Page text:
Is Your Association Utilizing All of The Tools Available To It?

Laura Manning-Hudson
September 4, 2012


Many times I receive calls from condominium and homeowners association board members and managers who are at their wits end with certain residents in their community who cannot seem to follow the rules. These are the residents who paint their homes without seeking and receiving approval, move tenants into their units under the cover of darkness, and have a Labrador Retriever in a no-pet building. They play their TVs and stereos too loud and too late at night. There’s one in every community.

Surprisingly, I have found that many associations are completely unaware of some of the tools that the legislature has given them to assist in the enforcement of their rules. Both the Condominium Act and the Homeowners Association Act contain similar tools for enforcing restrictions against non-conforming residents. However, associations must be careful when utilizing these tools, as failing to “dot your I’s” and “cross your T’s” may result in having all of your hard work go down the tubes.

Specifically, section 718.303, Florida Statutes, and Section 720.305, Florida Statutes, provide that associations may impose fines, suspend use rights, and suspend the voting rights of residents who fail to comply with any provision of the association’s governing documents or who become more than 90 days delinquent in paying any of their monetary obligations to the association.

Fines may be levied on the basis of each day of a continuing violation (for example, a resident leaves their bicycle out on the balcony — in violation of a no bicycle rule — for days on end). The fine may not exceed $100 per violation, or $1000 in the aggregate. What this means is that the association may fine the resident that leaves their bicycle out on the balcony up to $100 per day for every day that the bicycle is on the balcony – up to 10 days. The maximum amount of the fines for the bicycle on the balcony is $1000.

Imposing the fine or suspension, however, is the tricky part for associations, as they must provide the resident with at least 14 days’ written notice of a hearing to be held in front of a violation or fining committee. The members of the committee may not be board members or persons residing in a board member’s household. After providing 14 days’ notice, the committee conducts the hearing (somewhat like a mini trial) and then considers and decides whether a fine or suspension should be imposed and, if so, what should they constitute. IMPORTANT: if the committee does not agree with the imposition of a penalty, then the penalty may not be imposed!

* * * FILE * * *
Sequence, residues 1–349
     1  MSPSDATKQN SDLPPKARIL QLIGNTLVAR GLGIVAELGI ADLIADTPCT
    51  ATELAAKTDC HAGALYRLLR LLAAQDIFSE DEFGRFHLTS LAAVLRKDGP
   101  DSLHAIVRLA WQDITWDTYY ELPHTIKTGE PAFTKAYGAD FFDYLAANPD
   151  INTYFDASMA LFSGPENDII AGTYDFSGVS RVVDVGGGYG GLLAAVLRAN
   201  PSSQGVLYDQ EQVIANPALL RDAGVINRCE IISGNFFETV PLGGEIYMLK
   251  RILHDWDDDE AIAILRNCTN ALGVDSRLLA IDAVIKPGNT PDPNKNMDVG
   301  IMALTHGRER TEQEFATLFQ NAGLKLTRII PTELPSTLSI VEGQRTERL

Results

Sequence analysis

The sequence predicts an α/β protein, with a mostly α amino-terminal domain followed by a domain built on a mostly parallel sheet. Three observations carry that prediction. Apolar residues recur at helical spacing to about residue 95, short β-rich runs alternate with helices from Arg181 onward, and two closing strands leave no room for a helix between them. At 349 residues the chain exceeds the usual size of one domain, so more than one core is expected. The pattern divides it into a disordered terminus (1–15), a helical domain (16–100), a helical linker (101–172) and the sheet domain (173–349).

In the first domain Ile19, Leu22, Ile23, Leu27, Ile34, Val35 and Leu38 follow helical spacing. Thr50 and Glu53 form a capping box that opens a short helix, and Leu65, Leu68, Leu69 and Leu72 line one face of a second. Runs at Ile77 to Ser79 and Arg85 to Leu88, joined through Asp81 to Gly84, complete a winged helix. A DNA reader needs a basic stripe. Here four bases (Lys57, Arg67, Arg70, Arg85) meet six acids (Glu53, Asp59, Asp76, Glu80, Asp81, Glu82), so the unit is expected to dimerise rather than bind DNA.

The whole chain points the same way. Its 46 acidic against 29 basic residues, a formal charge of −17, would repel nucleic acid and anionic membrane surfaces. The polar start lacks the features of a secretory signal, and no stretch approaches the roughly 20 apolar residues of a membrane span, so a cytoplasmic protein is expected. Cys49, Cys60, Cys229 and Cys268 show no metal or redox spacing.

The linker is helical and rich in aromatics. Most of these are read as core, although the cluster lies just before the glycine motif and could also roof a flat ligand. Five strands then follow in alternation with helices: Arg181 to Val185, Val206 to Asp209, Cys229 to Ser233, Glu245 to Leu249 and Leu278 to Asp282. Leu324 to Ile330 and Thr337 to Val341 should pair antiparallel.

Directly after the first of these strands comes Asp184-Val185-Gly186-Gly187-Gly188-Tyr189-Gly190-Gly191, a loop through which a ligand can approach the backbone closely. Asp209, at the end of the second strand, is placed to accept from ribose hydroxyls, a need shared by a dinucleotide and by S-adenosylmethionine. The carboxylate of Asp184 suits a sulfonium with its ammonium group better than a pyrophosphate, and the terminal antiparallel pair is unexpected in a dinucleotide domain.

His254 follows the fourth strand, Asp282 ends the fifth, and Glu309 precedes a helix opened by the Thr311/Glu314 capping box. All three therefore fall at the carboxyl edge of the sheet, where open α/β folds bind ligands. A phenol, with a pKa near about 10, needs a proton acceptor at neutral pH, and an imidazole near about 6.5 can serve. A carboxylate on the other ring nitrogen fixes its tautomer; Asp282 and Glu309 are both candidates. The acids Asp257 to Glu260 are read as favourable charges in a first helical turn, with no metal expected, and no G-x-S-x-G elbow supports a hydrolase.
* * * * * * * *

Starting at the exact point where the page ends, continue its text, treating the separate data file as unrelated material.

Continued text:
pool 2.JPGAnother tool that associations may use is suspending a residents’ right to use the common areas or to vote due to their failure to comply with their monetary obligations to the association. An association may suspend a members’ voting rights or rights to use the common areas if the member is more than 90 days delinquent in any monetary obligation due to the association. Therefore, for the resident who has been fined for having his bicycle out on the balcony for days on end but continues to enjoy the use of the pool and fitness center, the association may suspend their right to use those common area amenities until the fines are paid.

Obviously, for some communities with particularly troublesome residents, these tools are just the first steps to be taken in order to gain compliance with the association’s governing documents. Failure by a resident to comply after fines and suspensions are imposed may result in the need to take further legal action, but many times the imposition of a suspension or a fine will do the job.

For those communities that have to take non-conforming residents to the next level, following the steps detailed above is crucial to winning their case against the unit owner, as the failure by the association to follow these procedures may result in losing a case or having a court find that the fine or suspension was not imposed according to the statute and is therefore unenforceable.

Of course, many of the tools that the legislature has provided are ones that associations may utilize on their own without the necessity of retaining counsel – which keeps costs and expenses down. However, it is recommended that you consult with your association’s attorney when getting started in order to ensure that your process comports with all of the statutory requirements.